Property tax ban crushed at primary polls
FARGO - North Dakota's property tax revolt fizzled at the polls in primary election returns Tuesday night. Measure 2, which sought to eliminate property taxes, was defeated, with 77 percent rejecting the proposal and 23 percent favoring.
FARGO - North Dakota's property tax revolt fizzled at the polls in primary election returns Tuesday night.
Measure 2, which sought to eliminate property taxes, was defeated, with 77 percent rejecting the proposal and 23 percent favoring. Those results are complete but unofficial.
The prospect that oil-rich North Dakota could be the first state in the nation to cast off property taxes attracted national attention, but a cool response from voters.
"I think North Dakotans understand that government isn't free," said Andy Peterson, president of the North Dakota Chamber of Commerce and a spokesman for the Keep it Local coalition, which opposed Measure 2.
Voters weren't persuaded that the state's coffers were flush enough with oil money or other revenues to discard the property tax, he said, a central claim of the Measure 2 backers, Empower the Taxpayer.
"The citizens didn't buy that argument," Peterson said. They didn't want to sacrifice local government, and they didn't want to sacrifice their schools."
Charlene Nelson, a homemaker from rural Casselton and chairwoman of Empower the Taxpayer, said the opposition's superior campaign war chest swung the debate.
"We were outspent 30 to 1," she said. "It was just a matter of us not having what it took to get that message out."
The groups that coalesced against Measure 2 formed the largest public policy coalition in North Dakota's 122-year history, Peterson said. They included associations representing schools, cities, counties, as well as many business and trade groups.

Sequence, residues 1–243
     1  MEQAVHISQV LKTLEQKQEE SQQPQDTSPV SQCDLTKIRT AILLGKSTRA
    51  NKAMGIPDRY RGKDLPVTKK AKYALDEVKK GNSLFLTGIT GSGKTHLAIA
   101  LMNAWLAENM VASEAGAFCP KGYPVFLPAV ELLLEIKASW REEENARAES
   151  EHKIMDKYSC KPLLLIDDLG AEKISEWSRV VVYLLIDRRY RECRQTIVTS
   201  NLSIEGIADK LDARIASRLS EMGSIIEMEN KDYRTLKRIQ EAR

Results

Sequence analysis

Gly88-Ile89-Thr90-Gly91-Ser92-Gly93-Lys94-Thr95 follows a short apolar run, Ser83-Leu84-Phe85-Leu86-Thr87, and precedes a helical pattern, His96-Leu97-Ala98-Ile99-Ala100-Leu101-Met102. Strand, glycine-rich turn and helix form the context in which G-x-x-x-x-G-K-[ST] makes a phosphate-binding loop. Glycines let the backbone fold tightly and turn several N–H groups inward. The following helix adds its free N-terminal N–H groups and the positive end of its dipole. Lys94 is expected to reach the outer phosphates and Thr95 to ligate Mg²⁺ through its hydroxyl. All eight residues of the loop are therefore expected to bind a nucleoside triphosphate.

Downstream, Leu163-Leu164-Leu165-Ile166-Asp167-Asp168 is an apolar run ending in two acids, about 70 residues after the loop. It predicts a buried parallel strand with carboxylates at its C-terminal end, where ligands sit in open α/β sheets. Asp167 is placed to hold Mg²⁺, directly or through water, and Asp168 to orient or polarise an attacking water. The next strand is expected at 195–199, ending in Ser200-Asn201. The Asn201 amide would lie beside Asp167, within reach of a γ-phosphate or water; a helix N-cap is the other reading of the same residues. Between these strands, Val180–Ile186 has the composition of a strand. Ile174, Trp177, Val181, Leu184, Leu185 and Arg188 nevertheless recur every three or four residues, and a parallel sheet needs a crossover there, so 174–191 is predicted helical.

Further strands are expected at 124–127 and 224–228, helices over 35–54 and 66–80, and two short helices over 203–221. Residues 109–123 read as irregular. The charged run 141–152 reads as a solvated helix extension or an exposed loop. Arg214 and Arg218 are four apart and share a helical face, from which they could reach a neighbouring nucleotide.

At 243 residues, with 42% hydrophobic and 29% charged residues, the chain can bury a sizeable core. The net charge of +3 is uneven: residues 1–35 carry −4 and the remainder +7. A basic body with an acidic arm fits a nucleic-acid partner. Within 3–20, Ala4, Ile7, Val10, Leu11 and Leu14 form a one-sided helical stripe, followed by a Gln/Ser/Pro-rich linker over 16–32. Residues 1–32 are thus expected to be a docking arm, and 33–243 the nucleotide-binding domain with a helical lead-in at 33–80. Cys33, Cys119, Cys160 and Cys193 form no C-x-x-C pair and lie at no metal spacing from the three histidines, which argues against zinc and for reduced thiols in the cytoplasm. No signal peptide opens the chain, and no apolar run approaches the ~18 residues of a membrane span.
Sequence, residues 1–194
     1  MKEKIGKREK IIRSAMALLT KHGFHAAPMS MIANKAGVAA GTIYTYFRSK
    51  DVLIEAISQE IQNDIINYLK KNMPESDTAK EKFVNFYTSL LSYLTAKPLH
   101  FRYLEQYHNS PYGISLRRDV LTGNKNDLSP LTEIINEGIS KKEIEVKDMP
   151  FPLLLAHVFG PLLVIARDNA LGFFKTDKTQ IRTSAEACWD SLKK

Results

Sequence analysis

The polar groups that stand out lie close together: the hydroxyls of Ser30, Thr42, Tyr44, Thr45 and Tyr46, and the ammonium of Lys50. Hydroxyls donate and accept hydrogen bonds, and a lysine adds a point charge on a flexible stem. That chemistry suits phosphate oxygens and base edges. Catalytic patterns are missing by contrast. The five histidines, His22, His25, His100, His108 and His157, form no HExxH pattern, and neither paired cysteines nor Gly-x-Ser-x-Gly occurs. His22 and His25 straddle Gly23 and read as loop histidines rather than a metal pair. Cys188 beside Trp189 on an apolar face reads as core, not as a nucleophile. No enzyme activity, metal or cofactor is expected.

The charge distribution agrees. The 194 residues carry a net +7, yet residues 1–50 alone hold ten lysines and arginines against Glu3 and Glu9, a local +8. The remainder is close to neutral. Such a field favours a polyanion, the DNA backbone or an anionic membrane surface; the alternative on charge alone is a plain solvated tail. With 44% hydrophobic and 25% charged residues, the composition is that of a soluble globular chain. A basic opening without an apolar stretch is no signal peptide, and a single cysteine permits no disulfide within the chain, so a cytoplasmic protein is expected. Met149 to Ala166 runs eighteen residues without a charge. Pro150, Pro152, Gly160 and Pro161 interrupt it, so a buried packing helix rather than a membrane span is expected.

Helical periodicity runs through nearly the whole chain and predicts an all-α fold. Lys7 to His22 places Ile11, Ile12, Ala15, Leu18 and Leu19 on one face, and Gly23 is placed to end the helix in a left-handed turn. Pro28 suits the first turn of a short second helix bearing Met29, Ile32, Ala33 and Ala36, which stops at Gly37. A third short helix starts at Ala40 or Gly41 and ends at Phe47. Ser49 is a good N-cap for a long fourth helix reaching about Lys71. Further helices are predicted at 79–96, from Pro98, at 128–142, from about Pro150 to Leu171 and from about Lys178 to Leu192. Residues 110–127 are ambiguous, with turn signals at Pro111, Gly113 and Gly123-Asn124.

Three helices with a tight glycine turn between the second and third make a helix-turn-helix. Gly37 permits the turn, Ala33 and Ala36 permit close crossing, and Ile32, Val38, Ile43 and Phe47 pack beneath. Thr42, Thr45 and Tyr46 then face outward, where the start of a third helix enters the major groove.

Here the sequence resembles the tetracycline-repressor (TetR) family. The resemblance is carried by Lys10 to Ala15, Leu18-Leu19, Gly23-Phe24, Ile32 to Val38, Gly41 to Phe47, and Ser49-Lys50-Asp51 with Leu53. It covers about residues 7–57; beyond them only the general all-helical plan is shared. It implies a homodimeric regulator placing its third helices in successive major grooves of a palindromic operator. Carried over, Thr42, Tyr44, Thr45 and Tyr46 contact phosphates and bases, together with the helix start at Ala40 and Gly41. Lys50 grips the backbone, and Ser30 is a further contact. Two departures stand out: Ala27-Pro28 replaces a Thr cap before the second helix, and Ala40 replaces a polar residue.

"I really want to say congratulations to the people of North Dakota," Peterson said. "They want good government. They want efficient government."
Measure 2 would have amended the North Dakota Constitution to eliminate the property tax and leave it to the Legislature to replace the revenues - a formula for chaos and centralized decision-making, opponents argued.
Even opponents of Measure 2, including former Gov. Ed Schafer and former Lt. Gov. Lloyd Omdahl, said the property tax has problems and is in need of an overhaul.
Legislators have provided property tax relief, and increased state support for public schools, in recent years.
Although oil and gas revenues are gushing, many officials said it would be a mistake for governments to rely too heavily on such a volatile revenue source, which fluctuates with oil booms and busts.
Nelson and Peterson agreed on one result of the Measure 2 campaign. Next year, when the Legislature reconvenes, political leaders will once again consider property tax reform.
"I think the message has been sent," Peterson said. "I think that message has been heard around the state."
Nelson said: "We will certainly want to see what the Legislature does in the next session. What they have been talking about is not reform, but more Band-Aid."
In complete but unofficial statewide returns, Measure 2 garnered 40,106 "yes" votes and 131,082 "no" votes by 12:30 a.m. Wednesday.